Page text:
music festivals

‘How music should be enjoyed’: Music festivals back with a bang at Salo-Salo Fest

Amanda T. Lago
‘How music should be enjoyed’: Music festivals back with a bang at Salo-Salo Fest

SALO-SALO FEST. Urbandub plays on the last day of the theme park music festival.

Amanda Lago/Rappler

Have you ever come down from a rollercoaster-induced adrenaline high to the sound of a rock band playing live?

MANILA, Philippines – Two years without live music is way too long, so one can imagine the collective sigh of relief from musicians, fans, and the industry when gigs and concerts slowly but surely returned this year.

Even music festivals – conceivably the toughest live music event to mount simply for the sheer number of moving parts involved – made a comeback this year, so much so that music fans were even introduced to a new concept: a theme park music festival.

If you think about it, theme parks are the perfect venue for music festivals. You have everything that a music festival needs: a wide selection of food and drinks (and even themed restaurants!), built-in activities (eg: rides!), and perhaps most importantly, actual bathrooms – no disgusting portaloos with endless queues.

The theme park’s famous space shuttle ride fronts one of the festival’s stages. Amanda Lago/Rappler

The theme park concept was the draw for Salo-Salo Fest, which promised unlimited rides to go with a generous lineup made up of both OPM legends, up-and-coming stars, and even a couple of foreign acts.

The festival was held from December 2 to 4 at the country’s biggest theme park.

Salo-Salo Fest had a two-stage set-up, which seemed key to the festival not going overtime as these events tend to do.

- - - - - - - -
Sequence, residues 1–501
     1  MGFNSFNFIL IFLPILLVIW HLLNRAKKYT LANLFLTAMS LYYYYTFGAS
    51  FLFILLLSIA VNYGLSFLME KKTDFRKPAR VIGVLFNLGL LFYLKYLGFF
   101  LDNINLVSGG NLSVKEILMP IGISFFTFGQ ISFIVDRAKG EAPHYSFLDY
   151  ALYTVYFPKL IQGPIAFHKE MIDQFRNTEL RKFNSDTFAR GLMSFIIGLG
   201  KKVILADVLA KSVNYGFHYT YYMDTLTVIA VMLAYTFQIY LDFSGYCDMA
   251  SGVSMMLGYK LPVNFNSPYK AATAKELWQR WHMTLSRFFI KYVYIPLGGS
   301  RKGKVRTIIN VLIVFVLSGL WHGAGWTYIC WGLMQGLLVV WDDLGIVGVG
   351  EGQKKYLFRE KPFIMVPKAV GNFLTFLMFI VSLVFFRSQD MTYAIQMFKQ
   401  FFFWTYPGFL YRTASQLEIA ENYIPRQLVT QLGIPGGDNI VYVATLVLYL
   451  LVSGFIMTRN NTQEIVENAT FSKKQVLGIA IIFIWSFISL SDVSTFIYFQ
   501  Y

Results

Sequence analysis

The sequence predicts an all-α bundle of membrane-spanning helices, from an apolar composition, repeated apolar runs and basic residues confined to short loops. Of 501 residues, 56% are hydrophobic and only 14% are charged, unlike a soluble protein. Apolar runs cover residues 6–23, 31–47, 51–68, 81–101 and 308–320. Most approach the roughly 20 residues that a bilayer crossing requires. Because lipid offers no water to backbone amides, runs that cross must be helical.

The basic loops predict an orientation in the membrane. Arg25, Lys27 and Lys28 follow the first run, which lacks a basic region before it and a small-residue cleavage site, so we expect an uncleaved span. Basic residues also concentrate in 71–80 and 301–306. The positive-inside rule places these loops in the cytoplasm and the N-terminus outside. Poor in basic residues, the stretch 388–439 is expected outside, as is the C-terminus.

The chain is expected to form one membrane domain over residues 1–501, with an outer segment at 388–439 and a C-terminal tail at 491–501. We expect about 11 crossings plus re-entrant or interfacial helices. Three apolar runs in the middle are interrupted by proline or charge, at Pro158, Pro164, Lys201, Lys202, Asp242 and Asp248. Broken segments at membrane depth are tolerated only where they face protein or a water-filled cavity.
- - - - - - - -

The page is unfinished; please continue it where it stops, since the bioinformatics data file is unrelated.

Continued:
The first, the Salo-Salo stage, was an outdoor stage set up next to the park’s infamous extreme rollercoaster, so that people’s panicked screams played on loop in the background as artists performed. The outdoor stage was where the more established OPM acts performed – the likes of Rico Blanco, Barbie Almalbis, Moonstar88, Orange & Lemons, Ebe Dancel, Ely Buendia, Urbandub, Mayonnaise, and Parokya ni Edgar.

Mayonnaise draws a huge crowd to the Salo-Salo stage. Amanda Lago/Rappler

The second stage, called the Parol stage, was on the other end of the park – an indoor set-up at an event tent. Dim and airconditioned, it was a nice respite from the deluge of sights, sounds, and sensations outside. This, it seemed, was the stage for the up-and-comers – Ena Mori, Arthur Nery, Zild, Clara Benin, and Unique Salonga, as well as American acts Joan and Johnny Stimson.

Each stage was a decidedly different experience so it actually felt like you were going to two different music festivals. The connecting thread, of course, was the theme park’s rides.

Clara Benin takes the Salo-Salo Fest Parol stage. Amanda Lago/Rappler

Shuttling from one stage to another, it was impossible to ignore the rollercoasters, the spinning pendulum, the acrobatic planes. Getting on one meant in-between sets was a trip. Ultimately, there’s nothing like coming down from an adrenaline rush to the sound of, say, Zild’s kooky, trippy rock, or a hundred other voices screaming the chorus of Urbandub’s “Evidence” back to the band.

Ebe, it seemed, spoke for everyone – musicians and audience alike – when he spoke to the crowd on the second day of the festival.

“I just want to say that for two years you watched me on your tablets, your phones…and it’s so nice to be here right now,” he said.

“This is how music should be enjoyed: with you right in front of me, and me playing your favorite songs, and you guys singing along,” he said.

Ebe Dancel performs on day two of Salo-Salo Fest. Amanda Lago/Rappler

At Salo-Salo Fest, people were reintroduced not only to how music should be enjoyed, but also to how it could be enjoyed: the genuine connection between artists and listeners, punctuated by periodic adrenaline highs, rollercoaster screams, and the heady magic of a beloved theme park.

With more music festivals on the calendar in 2023 – at the time of writing we’re waiting on a major artist announcement Wanderland Festival – live music is definitely back and, dare we say, here to stay. –

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Amanda T. Lago

After avoiding long-term jobs in favor of travelling the world, Amanda finally learned to commit when she joined Rappler in July 2017. As a lifestyle and entertainment reporter, she writes about music, culture, and the occasional showbiz drama. She also hosts Rappler Live Jam, where she sometimes tries her best not to fan-girl on camera.